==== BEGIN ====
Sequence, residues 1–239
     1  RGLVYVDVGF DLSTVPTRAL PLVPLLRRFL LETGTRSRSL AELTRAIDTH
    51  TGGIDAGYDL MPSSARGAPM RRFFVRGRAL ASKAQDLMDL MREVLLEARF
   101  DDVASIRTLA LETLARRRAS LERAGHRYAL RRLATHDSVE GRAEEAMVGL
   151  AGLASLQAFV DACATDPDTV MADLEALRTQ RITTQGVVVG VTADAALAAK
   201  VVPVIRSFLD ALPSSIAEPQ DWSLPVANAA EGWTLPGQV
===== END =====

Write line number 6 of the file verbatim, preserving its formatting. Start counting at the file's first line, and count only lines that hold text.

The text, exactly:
   201  VVPVIRSFLD ALPSSIAEPQ DWSLPVANAA EGWTLPGQV